Please click here to take the survey, which includes a section for children and one for parents.
Additional Info and Next Steps:
While we’re encouraging everyone to complete the survey asap, it will remain open for most of Fall 2014. That said, if necessary, we will keep it running a bit longer to ensure that we’ve collected a large enough sample to do some rigorous analysis and draw compelling conclusions.
But the study itself will continue on after the survey (Stage 1) is complete. During Stage 2, we want to look at some game creations made by actual kids! Instructions on how to participate in Stage 2 are included at the end of the survey. But if your child has made something in a game that they’d like to share, and you’d like to find out more about this phase of our research, you can also email us via the Contact Page!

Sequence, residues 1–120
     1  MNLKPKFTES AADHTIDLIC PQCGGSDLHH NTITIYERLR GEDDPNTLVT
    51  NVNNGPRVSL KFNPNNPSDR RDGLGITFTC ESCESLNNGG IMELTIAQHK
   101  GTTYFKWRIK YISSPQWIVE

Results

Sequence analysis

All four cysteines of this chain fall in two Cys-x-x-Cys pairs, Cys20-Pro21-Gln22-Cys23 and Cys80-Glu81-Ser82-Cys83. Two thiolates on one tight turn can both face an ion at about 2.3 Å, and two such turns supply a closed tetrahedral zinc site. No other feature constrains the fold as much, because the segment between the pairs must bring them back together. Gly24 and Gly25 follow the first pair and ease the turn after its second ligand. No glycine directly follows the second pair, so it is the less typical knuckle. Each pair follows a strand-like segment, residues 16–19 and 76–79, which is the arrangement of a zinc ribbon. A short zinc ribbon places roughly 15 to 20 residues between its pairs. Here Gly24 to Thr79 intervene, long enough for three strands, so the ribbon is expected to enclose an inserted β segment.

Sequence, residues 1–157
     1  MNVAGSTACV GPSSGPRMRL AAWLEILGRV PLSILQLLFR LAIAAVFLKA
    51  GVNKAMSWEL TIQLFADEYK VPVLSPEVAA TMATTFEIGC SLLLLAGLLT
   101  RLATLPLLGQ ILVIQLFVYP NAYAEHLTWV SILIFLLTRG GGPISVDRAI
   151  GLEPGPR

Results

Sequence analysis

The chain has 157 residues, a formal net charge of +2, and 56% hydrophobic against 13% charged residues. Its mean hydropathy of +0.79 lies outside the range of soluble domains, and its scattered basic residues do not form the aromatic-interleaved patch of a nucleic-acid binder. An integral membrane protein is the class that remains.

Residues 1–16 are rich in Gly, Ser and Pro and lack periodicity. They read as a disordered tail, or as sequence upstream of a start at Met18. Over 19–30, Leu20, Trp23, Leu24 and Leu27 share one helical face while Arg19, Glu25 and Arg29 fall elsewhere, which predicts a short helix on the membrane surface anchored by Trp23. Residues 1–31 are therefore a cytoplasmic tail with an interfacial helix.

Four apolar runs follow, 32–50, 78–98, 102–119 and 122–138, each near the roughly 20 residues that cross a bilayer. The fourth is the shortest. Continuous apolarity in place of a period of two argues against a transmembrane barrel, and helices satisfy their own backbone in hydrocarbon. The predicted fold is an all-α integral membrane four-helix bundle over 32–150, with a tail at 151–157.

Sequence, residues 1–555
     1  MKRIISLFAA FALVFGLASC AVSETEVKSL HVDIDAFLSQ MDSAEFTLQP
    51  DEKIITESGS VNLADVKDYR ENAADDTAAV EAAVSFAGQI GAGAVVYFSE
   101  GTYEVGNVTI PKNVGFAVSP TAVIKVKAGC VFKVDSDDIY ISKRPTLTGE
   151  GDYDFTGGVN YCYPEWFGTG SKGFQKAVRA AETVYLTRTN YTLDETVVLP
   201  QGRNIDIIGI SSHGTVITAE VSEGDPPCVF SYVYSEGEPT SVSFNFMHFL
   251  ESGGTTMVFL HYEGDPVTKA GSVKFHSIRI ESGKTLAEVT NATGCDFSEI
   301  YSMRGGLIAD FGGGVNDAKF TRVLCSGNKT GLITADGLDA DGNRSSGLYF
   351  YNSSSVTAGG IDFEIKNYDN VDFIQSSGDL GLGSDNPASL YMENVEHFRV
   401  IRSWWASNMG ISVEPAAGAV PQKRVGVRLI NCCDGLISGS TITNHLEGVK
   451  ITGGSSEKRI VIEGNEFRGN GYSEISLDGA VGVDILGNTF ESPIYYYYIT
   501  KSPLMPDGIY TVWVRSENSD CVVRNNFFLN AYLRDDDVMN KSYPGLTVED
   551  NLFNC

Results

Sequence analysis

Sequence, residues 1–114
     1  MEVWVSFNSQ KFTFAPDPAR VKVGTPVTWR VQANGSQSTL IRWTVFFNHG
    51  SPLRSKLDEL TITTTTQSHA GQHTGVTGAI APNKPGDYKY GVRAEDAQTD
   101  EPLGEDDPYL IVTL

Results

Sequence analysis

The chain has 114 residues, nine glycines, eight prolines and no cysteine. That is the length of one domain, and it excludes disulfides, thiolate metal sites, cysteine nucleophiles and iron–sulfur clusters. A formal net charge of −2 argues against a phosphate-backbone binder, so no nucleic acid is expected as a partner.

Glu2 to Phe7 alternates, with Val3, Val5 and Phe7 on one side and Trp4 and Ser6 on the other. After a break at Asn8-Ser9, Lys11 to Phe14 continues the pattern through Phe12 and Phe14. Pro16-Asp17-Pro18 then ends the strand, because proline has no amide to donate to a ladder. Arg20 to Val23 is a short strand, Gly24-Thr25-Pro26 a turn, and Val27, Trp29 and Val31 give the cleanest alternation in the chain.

Also, be sure to send us an email if you and your kids would like to be invited to future Playing at Making workshops and learning events, or if you have any questions or concerns about the survey or any other aspect of the project.
Please note: This study is being conducted out of Faculty of Information’s Semaphore Lab at the University of Toronto. It has been reviewed by the University of Toronto Research Ethics Boards (REB).

Tuesday, July 08, 2014

Postdoc Opportunity on Parenting and Childhood in the Digital Era, at the LSE!!

For those of you researching children & media/digital culture, and nearing the end of (or have recently completed) a PhD, this postdoc opportunity working with the amazing and prolific Sonia Livingstone sounds like a dream come true. I spent an all-too-brief semester working with Sonia at the LSE during my doctoral training, and can't endorse it or her enough -- it's a fantastic, vibrant place, filled with brilliant and collegial people, and Sonia's research is of a caliber we should all aspire to.